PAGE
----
More

She ruled Egypt long before Cleopatra, and there's a reason you haven't heard of her.

The pharaohs of ancient Egypt were men. And then there was her.

She ruled Egypt long before Cleopatra, and there's a reason you haven't heard of her.

Her name was Hatshepsut.

She was the first woman to become a pharaoh.

As Kate Narev of TED-Ed explains in the video at the end of this post, other women had ruled as powerful queens, but she was the first to actually be the pharaoh.


But 20 years after she died, someone tried to erase her from history. Statues of her were smashed, and they removed her name wherever they could find it.

Here's what probably happened.

Hatshepsut had became pharaoh in a roundabout way. When the pharaoh Thutmose II died, his son, Thutmose III, was only a kid. Hatshepsut, the dead king's primary wife, became his regent.

Over time — and remember, Thutmose III was still too young to say much about it — she became more and more powerful until she was officially made pharaoh.

But a female pharaoh freaked people out.

It's likely because Hatshepsut's rise to the throne was a challenge to the traditional idea of maat, or universal harmony. And to some, "universal harmony" meant only men could ever be pharaohs. They also worried her success might encourage other women to seek power.

So Hatshepsut tried to be, um, more manly.

She was often shown as having a beard.

Hatshepsut also tried to show she was no threat to maat by taking the name "Maatkare." And she changed the ending of her original name to the masculine "su." It didn't work.

So, how'd she do as pharaoh?

Everything we know about Hatshepsut's 25-year rule was written by — or painted or carved for — the pharaoh herself, so it's hard to know for sure. But experts believe she had a successful, peaceful reign, even if some folks' sense of shattered maat never quite settled down.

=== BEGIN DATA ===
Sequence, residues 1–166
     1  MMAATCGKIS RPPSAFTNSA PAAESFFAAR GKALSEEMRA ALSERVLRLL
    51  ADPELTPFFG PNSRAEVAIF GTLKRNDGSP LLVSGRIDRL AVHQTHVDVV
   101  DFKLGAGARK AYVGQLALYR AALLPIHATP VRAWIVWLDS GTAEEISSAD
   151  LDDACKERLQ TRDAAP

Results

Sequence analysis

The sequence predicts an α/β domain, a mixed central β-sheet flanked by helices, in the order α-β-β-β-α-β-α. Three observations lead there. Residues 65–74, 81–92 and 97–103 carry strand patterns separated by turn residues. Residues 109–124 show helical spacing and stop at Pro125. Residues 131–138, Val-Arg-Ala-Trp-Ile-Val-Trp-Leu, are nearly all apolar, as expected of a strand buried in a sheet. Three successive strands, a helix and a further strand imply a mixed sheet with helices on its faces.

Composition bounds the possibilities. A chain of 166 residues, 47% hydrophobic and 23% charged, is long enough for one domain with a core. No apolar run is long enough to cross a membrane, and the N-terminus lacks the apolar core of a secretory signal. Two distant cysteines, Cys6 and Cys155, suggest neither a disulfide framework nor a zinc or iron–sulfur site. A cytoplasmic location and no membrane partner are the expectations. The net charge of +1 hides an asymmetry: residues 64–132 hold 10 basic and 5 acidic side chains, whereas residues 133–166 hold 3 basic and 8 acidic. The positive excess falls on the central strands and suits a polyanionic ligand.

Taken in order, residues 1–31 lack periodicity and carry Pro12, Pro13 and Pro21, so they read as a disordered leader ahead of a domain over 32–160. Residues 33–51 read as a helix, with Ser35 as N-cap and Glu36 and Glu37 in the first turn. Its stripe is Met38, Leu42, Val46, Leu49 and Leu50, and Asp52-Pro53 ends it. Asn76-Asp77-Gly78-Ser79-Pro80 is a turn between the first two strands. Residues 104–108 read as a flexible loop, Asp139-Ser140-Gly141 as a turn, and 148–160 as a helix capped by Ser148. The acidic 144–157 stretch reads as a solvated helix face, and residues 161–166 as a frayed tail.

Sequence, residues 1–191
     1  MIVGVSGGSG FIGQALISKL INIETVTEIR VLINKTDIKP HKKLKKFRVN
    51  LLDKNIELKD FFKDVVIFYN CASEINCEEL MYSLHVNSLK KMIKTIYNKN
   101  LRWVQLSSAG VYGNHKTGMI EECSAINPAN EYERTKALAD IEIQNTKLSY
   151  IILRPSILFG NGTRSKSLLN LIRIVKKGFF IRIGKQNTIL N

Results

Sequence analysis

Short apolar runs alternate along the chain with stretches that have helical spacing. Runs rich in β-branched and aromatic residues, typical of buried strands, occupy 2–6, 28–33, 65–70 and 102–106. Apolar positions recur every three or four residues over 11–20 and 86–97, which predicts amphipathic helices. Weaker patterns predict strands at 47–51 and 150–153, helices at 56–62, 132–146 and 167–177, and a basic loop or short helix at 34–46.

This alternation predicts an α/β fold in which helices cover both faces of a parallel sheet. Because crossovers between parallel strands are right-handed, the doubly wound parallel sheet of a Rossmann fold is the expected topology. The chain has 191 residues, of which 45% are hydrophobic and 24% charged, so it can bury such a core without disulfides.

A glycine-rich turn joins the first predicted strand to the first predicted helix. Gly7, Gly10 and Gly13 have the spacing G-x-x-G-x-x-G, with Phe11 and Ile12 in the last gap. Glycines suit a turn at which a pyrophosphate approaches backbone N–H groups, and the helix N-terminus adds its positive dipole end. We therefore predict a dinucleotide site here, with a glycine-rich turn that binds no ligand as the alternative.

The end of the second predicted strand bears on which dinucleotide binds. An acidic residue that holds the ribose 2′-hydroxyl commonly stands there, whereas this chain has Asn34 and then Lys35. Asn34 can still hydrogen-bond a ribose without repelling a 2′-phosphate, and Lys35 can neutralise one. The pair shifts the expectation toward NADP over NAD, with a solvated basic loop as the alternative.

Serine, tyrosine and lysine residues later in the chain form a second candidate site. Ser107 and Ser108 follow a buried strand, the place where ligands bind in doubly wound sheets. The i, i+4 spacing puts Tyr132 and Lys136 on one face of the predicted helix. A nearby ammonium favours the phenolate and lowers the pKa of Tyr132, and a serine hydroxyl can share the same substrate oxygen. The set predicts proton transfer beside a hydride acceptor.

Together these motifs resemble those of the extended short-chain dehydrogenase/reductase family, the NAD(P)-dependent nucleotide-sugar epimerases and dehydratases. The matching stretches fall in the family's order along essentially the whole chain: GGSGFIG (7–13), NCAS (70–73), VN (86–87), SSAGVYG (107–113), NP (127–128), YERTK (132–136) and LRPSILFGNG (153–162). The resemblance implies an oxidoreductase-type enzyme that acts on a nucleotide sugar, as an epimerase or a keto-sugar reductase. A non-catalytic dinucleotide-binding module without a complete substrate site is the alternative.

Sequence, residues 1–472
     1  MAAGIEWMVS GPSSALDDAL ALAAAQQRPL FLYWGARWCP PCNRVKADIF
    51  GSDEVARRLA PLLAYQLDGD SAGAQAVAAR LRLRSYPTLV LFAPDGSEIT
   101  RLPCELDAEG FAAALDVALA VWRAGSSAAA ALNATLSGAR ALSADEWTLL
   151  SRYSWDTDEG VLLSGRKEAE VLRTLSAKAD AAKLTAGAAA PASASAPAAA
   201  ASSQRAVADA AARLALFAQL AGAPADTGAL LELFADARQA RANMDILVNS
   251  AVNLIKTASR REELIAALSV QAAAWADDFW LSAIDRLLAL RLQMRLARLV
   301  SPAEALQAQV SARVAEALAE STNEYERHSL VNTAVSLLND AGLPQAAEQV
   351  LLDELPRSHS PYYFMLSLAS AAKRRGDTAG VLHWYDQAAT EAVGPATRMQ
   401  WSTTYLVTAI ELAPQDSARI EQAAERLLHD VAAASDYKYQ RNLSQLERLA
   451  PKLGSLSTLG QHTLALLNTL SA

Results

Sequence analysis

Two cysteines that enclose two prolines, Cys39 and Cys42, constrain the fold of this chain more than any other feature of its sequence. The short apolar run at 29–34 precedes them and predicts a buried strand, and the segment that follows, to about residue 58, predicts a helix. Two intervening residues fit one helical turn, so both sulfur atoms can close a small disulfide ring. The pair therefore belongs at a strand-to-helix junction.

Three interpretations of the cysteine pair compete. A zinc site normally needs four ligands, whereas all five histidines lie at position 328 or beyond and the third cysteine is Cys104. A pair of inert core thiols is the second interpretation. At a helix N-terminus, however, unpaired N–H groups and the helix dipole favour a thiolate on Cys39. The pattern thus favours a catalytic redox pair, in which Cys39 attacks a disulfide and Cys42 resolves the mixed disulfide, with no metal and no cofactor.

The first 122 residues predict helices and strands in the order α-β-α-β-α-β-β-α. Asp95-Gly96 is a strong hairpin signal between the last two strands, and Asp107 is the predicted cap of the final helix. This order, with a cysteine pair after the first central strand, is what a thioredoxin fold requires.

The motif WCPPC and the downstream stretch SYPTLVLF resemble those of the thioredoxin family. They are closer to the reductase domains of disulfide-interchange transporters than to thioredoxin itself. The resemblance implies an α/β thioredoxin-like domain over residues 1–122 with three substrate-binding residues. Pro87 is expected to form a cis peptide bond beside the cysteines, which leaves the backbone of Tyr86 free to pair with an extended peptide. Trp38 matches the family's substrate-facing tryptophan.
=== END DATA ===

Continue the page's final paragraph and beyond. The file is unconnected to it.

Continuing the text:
And that's probably why someone tried to erase her from history 20 years later.

The most likely theory is that Thutmose III, still dealing with the blowback caused by having a female pharaoh, decided to make it seem as if the whole thing had never happened at all.

But it's not so easy to hide the memory of someone immortalized in stone. There were enough traces left of Hatshepsut to figure out who, and what, she was when modern archaeologists began coming across the ancient clues.

Hatshepsut's temple is now a popular spot for tourists.

This video tells the whole fascinating story:

Courtesy of Creative Commons
True

After years of service as a military nurse in the naval Marine Corps, Los Angeles, California-resident Rhonda Jackson became one of the 37,000 retired veterans in the U.S. who are currently experiencing homelessness — roughly eight percent of the entire homeless population.

"I was living in a one-bedroom apartment with no heat for two years," Jackson said. "The Department of Veterans Affairs was doing everything they could to help but I was not in a good situation."

One day in 2019, Jackson felt a sudden sense of hope for a better living arrangement when she caught wind of the ongoing construction of Veteran's Village in Carson, California — a 51-unit affordable housing development with one, two and three-bedroom apartments and supportive services to residents through a partnership with U.S.VETS.

Her feelings of hope quickly blossomed into a vision for her future when she learned that Veteran's Village was taking applications for residents to move in later that year after construction was complete.

"I was entered into a lottery and I just said to myself, 'Okay, this is going to work out,'" Jackson said. "The next thing I knew, I had won the lottery — in more ways than one."

Keep Reading Show less